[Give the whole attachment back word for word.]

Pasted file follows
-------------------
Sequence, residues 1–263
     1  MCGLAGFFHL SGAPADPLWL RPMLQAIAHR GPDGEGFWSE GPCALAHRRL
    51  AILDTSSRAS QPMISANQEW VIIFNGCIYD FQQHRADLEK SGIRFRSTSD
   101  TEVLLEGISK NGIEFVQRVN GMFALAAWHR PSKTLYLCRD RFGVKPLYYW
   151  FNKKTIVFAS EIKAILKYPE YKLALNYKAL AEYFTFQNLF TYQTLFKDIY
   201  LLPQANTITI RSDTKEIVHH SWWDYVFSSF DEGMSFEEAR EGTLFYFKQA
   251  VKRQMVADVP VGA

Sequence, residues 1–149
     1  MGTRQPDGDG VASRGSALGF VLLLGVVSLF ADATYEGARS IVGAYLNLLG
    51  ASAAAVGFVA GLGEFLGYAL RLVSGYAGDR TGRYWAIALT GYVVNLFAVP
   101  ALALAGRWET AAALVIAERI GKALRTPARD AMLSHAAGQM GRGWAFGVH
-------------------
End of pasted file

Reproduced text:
Sequence, residues 1–263
     1  MCGLAGFFHL SGAPADPLWL RPMLQAIAHR GPDGEGFWSE GPCALAHRRL
    51  AILDTSSRAS QPMISANQEW VIIFNGCIYD FQQHRADLEK SGIRFRSTSD
   101  TEVLLEGISK NGIEFVQRVN GMFALAAWHR PSKTLYLCRD RFGVKPLYYW
   151  FNKKTIVFAS EIKAILKYPE YKLALNYKAL AEYFTFQNLF TYQTLFKDIY
   201  LLPQANTITI RSDTKEIVHH SWWDYVFSSF DEGMSFEEAR EGTLFYFKQA
   251  VKRQMVADVP VGA

Sequence, residues 1–149
     1  MGTRQPDGDG VASRGSALGF VLLLGVVSLF ADATYEGARS IVGAYLNLLG
    51  ASAAAVGFVA GLGEFLGYAL RLVSGYAGDR TGRYWAIALT GYVVNLFAVP
   101  ALALAGRWET AAALVIAERI GKALRTPARD AMLSHAAGQM GRGWAFGVH